At a recent "interested persons" meeting hosted by the San Francisco Ethics Commission to talk about possible regulatory reform, Friends of Ethics (FoE), a group that's pushing for tougher rules, questioned why the city watchdog agency wasn't bothering to record the proceedings. "If we don't have a recording, and we don't have minutes, and we don't have a back-and-forth, how do we make decisions?" FoE member Eileen Hansen, herself a former Ethics commissioner, wanted to know.
Asked directly whether the agency would record the meetings, Ethics Commission Deputy Director Mabel Ng responded, "A lot of it depends on what our resources are. I don't even know that we have a tape recorder."
So: The city has $40,000 a year to spend on software that can plot graffiti on customized maps, but can't find $100 or so for a recording device for its open-government agency? It's little wonder that the Civil Grand Jury in 2011 referred to the Ethics Commission as "The Sleeping Watchdog."
That report found the commission had dismissed nearly every case forwarded to it by the San Francisco Sunshine Ordinance Task Force, which is tasked with investigating complaints filed under the city's open-records law. Between 2004 and 2010, for example, the sunshine panel sent 18 cases to Ethics — each one an example of a violation of the open-government laws so flagrant that the task force considered it official misconduct. Ethics dismissed all 18 of those cases. "Because of the Ethics Commission's lack of enforcement, no city employee has been disciplined for failing to adhere to the Sunshine Ordinance," the report found.
An analysis performed by the Board of Supervisors Budget & Legislative Analyst, meanwhile, discovered that 76 percent of ethics investigations in San Francisco die off with a "case dismissed."
And in some cases, the Ethics Commission hasn't adopted basic technology like Excel spreadsheets. For example, a San Francisco campaign finance law prohibits high-paid city contractors from making campaign contributions to elected officials who approve their contracts. It was enacted to eliminate quid pro quo dealings and prevent corruption — but it's next to impossible for elected officials to figure out if they're in compliance, since the filings aren't submitted electronically.
"By maintaining the paper format, Ethics makes it more difficult to utilize the data in the forms," former Ethics Commission staffer and FoE advocate Oliver Luby pointed out at the meeting.
Luby also pointed out that non-candidate campaigns, such as those promoting ballot measures, can conceal their donors by reporting campaign debt before receiving the funds to pay it off, making it impossible to track who's plunking down. This "dark money" loophole can thwart transparency, but the commission "has never proposed any solutions for this problem," according to Luby.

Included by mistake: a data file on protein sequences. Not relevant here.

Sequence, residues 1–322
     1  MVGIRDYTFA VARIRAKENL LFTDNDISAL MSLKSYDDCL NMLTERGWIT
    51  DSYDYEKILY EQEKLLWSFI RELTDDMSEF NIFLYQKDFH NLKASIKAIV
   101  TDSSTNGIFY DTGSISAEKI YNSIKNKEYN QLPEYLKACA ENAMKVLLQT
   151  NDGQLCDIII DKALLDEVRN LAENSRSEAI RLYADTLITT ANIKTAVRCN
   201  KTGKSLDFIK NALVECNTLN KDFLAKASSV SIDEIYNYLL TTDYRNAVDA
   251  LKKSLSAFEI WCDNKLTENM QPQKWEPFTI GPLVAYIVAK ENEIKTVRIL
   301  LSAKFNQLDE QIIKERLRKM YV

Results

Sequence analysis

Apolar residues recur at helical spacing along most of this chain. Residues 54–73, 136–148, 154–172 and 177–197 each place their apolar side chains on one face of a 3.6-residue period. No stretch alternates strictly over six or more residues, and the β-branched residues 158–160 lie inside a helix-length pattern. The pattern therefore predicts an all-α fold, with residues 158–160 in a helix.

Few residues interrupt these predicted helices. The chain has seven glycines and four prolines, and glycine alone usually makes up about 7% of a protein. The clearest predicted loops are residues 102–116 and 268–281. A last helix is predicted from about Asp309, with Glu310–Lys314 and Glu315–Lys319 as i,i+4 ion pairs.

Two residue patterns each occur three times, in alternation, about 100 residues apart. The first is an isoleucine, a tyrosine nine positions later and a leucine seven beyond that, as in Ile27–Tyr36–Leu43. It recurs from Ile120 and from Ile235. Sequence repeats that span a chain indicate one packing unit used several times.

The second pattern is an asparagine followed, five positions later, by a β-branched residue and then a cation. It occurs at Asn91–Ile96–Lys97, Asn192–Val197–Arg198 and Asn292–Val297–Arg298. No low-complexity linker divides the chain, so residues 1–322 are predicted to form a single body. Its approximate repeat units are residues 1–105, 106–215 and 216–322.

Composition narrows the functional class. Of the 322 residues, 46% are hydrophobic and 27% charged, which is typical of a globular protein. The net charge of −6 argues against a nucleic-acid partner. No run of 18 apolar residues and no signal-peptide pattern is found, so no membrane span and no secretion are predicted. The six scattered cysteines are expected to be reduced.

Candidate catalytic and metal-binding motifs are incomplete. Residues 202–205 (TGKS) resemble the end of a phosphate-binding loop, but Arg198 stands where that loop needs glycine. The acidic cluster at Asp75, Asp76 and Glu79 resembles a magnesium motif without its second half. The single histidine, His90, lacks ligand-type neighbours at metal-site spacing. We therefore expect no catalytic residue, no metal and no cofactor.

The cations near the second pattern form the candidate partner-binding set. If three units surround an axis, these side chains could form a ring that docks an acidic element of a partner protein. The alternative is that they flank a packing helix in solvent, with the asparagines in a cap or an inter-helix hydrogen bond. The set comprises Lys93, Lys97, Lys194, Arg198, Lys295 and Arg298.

Even when citizens and journalists successfully wend their way through the public-records request process, it can be cumbersome. Sometimes, it's only after years of court battles that records are finally shaken loose, and newsrooms with deeply slashed budgets are increasingly hesitant to engage in the time-consuming request process. That's why Michael Morisy, a veteran journalist, started Muck Rock to facilitate the process of submitting public-records requests.
"As newspaper jobs were being cut, there was less governmental accountability reporting," Morisy told us. So he teamed up with a business partner and fashioned a web-based tool that generates and files information requests based on what users are curious about. "The one thing I like to tell people is that you have this right. But it's like a muscle — if you don't use it, it gets weaker," Morisy said. "And I do think a lot of the pushback on public records laws ... is because people aren't fighting as much as they used to, because newsrooms don't have the budgets to sue."
After studying open-records laws in all 50 states to figure out how best to craft a legally binding request, Muck Rock set up customized infrastructure with an online submission system that charges users $20 per five requests. "One of our users requested a bunch of documents regarding comic books in the 1950s. The FBI had a huge file on comic book artists," he noted.
Even as this start-up tries to rekindle interest in public records, Sunshine is coming under attack across the country. "Cost is usually the big bogeyman that they try and trot out," Morisy explained — but he sees transparency as the best safeguard against political corruption. "So it costs $200 to respond to a public records request," he said. "That's so much cheaper than having somebody embezzle $200,000."